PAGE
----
Corporate Bond funds and Credit Risk Funds have fared well too. Aditya Birla Sun Life Corporate Bond FundDSP Corporate Bond Fund, and Sundaram Corporate Bond Fund featured among the top performers on 3-year returns with over 8%-9% compounded annualized returns. Similarly, ICICI Prudential Credit Risk FundHDFC Credit Risk Debt Fund, and Kotak Credit Risk Fund have managed to generate decent CAGR returns in the range of 8%-9% over 3 years with respectable portfolio characteristics.

A sharp recovery in economic growth has helped corporate improve their balance sheets. This is quite evident from the improving credit ratio, where in the first six months of the FY22, rating agency CRISIL upgraded 488 entities and downgraded only 165-a credit ratio of 2.96 times. The credit ratio is currently much better compared to 0.54 times in H1FY21 and 1.33 times in H2FY21. With India’s GDP expected to grow at 9.5% in FY22 and stable asset quality, this ratio is likely to improve going forward.

However, the excess liquidity and record-low borrowing rates depressed the return on Liquid Funds, Money Market Funds, and Overnight Funds. As you may know, the RBI under Mr Shaktikanta Das injected massive liquidity worth Rs 13 trillion into the banking system to avert any fallout of the COVID-19 pandemic-related distress on the financial system. The RBI has ensured that the systemic liquidity conditions remain very comfortable with a series of conventional and unconventional measures. Going forward too, liquidity conditions are expected to remain comfortable.

Debt mutual funds are alternative to fixed deposits if you wish to earn better market-linked returns albeit some risk. But keep in mind that investing in debt funds is not risk-free or safe. A prudent approach is necessary when investing in debt mutual funds.

How should you approach investing in debt funds?

Whichever sub-category of debt mutual funds you choose for wealth preservation (as per your risk profile and investment horizon), take care to select the best debt mutual fund scheme that can stand the test of time. Evaluate debt mutual fund on following parameters:

  • Returns across time periods (3 months, 6 months, 1 year, 2 years, 3 years)
  • Performance across interest rate cycles
  • The average maturity, Yield-To-Maturity (YTM), and the Modified Duration (MD) of the portfolio
  • The credit quality of instruments held in the portfolio.
  • The risk ratio (Standard Deviation, Sharpe Ratio, Sortino Ratio, etc.)
  • The Assets Under Management (AUM) and the expense ratio of the scheme
  • The experience of the fund manager, the number of schemes he/she manages (Fund Manager-to-Schemes ratio)
  • The overall investment processes and systems at the mutual fund house and its ideologies

In the evaluation process, you should be concerned if the mutual fund house lacks a robust risk management framework, depends excessively on ratings assigned by credit rating agencies; if the fund manager compromises on the quality of the portfolio, chases yields, and plays down on the liquidity aspects of the portfolio.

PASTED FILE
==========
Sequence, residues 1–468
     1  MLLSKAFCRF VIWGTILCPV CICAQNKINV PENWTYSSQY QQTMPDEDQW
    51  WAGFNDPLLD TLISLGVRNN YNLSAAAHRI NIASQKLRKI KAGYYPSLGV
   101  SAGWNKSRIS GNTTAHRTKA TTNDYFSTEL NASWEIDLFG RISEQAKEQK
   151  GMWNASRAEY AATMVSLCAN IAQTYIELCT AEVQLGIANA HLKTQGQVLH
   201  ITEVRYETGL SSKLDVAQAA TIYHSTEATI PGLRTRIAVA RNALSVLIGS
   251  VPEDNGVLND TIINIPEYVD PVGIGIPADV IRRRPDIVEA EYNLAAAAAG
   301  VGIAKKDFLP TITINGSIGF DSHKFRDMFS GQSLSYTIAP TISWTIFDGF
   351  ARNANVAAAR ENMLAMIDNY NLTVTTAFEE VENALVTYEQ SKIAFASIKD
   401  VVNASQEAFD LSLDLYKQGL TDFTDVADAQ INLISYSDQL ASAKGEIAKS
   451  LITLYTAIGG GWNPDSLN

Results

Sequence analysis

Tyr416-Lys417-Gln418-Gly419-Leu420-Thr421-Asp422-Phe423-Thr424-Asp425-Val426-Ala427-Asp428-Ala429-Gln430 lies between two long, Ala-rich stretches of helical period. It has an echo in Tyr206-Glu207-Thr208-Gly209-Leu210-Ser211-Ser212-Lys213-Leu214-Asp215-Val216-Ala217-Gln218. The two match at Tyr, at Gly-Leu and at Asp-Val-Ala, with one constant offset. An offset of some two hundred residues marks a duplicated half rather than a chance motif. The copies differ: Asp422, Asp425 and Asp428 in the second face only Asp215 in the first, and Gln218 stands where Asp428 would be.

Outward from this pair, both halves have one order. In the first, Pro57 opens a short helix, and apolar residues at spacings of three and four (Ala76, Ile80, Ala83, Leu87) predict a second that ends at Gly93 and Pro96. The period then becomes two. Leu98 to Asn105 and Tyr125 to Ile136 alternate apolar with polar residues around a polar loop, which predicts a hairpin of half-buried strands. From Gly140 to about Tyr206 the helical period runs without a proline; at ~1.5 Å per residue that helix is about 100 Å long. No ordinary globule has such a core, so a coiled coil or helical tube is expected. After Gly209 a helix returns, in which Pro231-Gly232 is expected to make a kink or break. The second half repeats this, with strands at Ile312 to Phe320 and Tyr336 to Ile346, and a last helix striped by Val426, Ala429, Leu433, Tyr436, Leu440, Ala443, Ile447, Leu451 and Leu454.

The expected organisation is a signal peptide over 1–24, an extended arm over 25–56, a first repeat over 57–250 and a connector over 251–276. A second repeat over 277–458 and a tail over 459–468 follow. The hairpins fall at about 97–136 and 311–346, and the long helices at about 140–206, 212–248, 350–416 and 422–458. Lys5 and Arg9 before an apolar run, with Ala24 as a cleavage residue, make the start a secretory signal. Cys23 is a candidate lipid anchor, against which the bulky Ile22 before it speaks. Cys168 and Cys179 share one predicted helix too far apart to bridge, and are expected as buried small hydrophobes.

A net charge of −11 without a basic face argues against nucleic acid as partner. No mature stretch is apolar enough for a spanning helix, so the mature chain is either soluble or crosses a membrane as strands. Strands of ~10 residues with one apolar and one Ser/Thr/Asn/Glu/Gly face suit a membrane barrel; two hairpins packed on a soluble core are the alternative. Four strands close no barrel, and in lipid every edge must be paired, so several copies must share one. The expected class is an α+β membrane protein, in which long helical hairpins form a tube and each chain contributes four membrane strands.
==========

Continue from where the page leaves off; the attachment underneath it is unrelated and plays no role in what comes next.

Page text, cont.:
As a cautious and sensible investor, refrain from investing in schemes where the debt fund manager engages in undue yield hunting. What should be of paramount importance to you is the safety of capital (your hard-earned money). Besides, make it point to invest in congruence with your investment time horizon and risk appetite.

At present, given that the interest rates are at a multi-year low, the interest rate risk will be higher for funds having their major allocation to medium / longer-maturity instruments, including Gilt funds. To address a financial goal that is less than 3 years away, consider deploying your hard-earned money in Banking & PSU Debt Funds keeping an investment horizon of around 2-3 years. Note that Banking & PSU Debt Funds with a shorter portfolio duration of 1-3 years may be better placed to take advantage of the accrual opportunities, earn from coupon pay-outs, and help survive if the interest rates begin to rise.

For a short investment time horizon of less than a year, consider investing in the best Liquid Funds. Typically, Liquid Funds invest in Treasury Bills, Commercial Papers, Call Money, Certificates of Deposits, and so on. This helps them keep interest rate risk to a minimum. However, make sure to invest in a pure Liquid Fund, i.e. the Liquid Fund should not have exposure to private debt papers. Remember, the returns are secondary when you invest in a liquid fund. The main objective is to keep your hard-earned money secure but highly liquid, and hence you should prefer safety over returns.

Note that along with capital appreciation, wealth preservation is also an important investment objective. Following a practical and astute investment strategy, plus your investment discipline will pave the path to your financial success.

This article first appeared on PersonalFN here